S: Probably around the same time, 2 or 3 years ago. I remember with ‘Younger’ I got a lot of support from him. I was frustrated with myself because I hadn’t sat down and done anything with it. And I just thought I couldn’t let this chance go by, this guy is amazing. And if he’s taking the time to work with me at all, why am I not doing anything? That’s kind of the frustration that went into ‘Younger’. But I met him around 3 years ago. We’re definitely a collaboration, I could not do it without him.

N: Do you come with songs and then you talk through exactly where it’s going to go?

S: Most times it’s better if we work separately and then we get into the studio at the final stage. He doesn’t really care what I do and I don’t really care what he does. We’re both very strong willed and a bit arrogant. He thinks he’s right, I think I’m right. We’re like okay whatever, let’s just do whatever we want and it turns out quite good. But we don’t really jam things out. I don’t even really say what I’ve done, just like ‘record it’. Okay, good, great, thank-you.

N: Is the whole album collaboration with Magnus or are you working with other people?

S: No, just Magnus. We’re totally a duo. This is as much his music as it is mine.

N: What would be on the mood board for the album? Musical Inspirations? Colours? Clothes? Patterns? What comes together on this album?

S: I have this idea, I always see the colour red everywhere all the time so that’s the colour, I don’t know why. My only thing or motto that I have is that I can’t be scared. Like any influence that I hear, any genre or sound I like I have to give it a chance and not be like I can’t care less because it doesn’t sound like a certain particular genre. We don’t think that way. And really just in terms of the lyrics, I’m trying to get as many aspects of life in you know? And not write songs about the same thing. If I’m going to write a love song, it has to be a very well thought through one.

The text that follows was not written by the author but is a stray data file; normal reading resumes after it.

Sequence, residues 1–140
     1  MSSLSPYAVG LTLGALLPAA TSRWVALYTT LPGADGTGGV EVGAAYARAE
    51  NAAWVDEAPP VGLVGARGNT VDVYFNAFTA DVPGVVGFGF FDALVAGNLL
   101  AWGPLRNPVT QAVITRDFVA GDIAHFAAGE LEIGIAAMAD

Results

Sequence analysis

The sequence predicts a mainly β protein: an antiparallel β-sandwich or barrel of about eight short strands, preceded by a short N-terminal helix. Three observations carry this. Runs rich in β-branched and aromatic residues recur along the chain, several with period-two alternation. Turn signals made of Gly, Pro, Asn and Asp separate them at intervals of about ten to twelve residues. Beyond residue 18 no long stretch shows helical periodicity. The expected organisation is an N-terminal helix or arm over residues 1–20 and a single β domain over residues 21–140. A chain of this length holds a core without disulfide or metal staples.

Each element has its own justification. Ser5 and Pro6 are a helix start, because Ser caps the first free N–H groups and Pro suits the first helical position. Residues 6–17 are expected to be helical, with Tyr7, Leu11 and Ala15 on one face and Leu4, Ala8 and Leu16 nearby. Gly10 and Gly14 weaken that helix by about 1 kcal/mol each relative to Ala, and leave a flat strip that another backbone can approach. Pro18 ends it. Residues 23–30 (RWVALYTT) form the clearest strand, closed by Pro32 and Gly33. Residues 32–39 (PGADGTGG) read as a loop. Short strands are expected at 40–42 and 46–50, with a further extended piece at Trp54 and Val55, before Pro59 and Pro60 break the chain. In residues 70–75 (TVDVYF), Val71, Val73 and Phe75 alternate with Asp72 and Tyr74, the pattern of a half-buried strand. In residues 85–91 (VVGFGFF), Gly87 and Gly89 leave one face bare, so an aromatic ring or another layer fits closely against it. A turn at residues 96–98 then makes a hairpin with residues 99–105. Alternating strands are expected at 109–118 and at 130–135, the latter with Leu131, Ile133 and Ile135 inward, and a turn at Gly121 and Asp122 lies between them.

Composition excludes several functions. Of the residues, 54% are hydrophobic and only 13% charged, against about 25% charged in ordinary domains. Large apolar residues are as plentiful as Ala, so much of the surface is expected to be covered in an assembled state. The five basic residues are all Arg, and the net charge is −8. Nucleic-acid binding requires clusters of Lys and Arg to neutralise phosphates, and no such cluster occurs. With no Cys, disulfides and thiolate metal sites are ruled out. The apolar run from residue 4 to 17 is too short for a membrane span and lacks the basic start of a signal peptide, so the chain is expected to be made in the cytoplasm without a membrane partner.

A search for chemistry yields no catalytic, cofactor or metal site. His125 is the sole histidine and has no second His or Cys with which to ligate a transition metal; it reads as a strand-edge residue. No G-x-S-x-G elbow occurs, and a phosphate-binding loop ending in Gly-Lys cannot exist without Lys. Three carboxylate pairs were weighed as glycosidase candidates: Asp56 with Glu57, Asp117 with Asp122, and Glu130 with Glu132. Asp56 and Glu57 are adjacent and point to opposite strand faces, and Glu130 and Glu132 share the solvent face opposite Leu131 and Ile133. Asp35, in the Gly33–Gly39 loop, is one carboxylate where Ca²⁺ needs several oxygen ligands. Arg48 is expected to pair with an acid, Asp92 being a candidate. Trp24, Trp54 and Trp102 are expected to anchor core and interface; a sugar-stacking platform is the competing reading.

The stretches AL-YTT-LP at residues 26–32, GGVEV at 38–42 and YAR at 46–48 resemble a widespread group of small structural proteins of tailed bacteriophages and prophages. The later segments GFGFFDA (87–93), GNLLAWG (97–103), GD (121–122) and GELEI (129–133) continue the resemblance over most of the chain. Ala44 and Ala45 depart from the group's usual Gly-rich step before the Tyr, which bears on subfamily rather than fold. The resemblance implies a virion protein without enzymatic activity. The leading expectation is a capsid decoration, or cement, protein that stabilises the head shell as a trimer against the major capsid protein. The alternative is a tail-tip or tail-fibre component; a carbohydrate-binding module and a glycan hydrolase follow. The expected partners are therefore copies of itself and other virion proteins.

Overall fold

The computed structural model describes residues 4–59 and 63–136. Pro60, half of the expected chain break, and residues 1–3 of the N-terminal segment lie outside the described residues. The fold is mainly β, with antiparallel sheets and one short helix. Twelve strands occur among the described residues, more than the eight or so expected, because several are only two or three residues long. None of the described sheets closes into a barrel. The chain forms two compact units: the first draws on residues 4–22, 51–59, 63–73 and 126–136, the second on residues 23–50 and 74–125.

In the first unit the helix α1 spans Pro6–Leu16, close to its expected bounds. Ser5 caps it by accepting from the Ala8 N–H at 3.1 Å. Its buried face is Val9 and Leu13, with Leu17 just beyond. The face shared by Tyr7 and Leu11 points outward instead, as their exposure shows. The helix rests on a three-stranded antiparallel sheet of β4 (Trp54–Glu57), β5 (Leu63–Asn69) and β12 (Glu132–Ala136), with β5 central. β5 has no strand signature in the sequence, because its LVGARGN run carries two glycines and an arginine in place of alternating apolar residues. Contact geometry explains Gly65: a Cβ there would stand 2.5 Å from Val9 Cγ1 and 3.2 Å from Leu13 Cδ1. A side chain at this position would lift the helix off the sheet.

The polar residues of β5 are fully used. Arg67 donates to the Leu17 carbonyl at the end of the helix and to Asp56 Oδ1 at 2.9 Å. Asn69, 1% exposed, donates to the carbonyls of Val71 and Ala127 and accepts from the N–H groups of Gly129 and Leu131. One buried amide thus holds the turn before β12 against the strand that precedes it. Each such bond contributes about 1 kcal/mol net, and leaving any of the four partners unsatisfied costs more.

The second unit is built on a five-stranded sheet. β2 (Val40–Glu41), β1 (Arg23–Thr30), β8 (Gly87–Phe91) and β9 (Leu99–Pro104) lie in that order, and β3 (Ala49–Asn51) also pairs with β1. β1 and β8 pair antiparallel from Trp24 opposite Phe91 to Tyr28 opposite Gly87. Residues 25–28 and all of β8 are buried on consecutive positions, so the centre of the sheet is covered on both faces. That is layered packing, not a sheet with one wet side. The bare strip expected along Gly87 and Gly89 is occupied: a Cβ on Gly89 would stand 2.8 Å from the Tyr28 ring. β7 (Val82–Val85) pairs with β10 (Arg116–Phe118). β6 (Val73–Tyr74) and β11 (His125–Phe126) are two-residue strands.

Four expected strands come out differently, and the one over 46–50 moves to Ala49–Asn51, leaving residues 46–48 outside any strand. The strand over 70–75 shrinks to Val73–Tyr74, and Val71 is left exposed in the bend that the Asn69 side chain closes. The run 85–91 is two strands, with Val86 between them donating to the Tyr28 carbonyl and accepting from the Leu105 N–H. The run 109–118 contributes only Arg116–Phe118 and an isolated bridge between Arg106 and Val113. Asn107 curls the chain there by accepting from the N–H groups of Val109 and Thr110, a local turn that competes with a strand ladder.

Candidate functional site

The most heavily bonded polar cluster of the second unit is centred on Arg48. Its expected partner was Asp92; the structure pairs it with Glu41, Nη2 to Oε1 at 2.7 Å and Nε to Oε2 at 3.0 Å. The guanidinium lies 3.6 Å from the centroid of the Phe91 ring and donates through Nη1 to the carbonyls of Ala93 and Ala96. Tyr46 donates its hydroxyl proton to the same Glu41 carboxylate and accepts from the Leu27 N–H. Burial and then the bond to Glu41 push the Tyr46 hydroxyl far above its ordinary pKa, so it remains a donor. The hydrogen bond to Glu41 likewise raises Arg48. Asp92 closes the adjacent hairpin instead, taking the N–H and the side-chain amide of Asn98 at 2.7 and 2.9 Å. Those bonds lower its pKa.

N: So do you look for an angle into an emotion or something like that or a type of song? So if you write a love song, what kind of angle would you go for?

S: I try to just be as true to myself as possible. I tend to, when it hurts, when I can barely sing the words because it’s too personal or too real or too much like the raw truth, that’s when I know I’m right. It has to be striking. It has to be hard. Some of the lyrics to some of the songs I’m like I can’t sing this, this is the truth to me, and I’m telling people about myself too much. I think that’s where the message really comes across. But it’s honest.

N: So what’s the ambition for this album? And not in the kind of, I want to release it and tour next year. What’s the balls-out ambitious dream for it?

S: I want to be 50 years old and put on that album and I want it to feel timeless and I want to be proud of what I wrote about. That’s my only goal. I want it to stand the test of time – for me mostly. I want to listen to it and be like I can remember my life now when I’m older. And I want to see a good body of work as well as good individual songs.

Keep an eye on Seinabo Sey  as one to watch for 2015.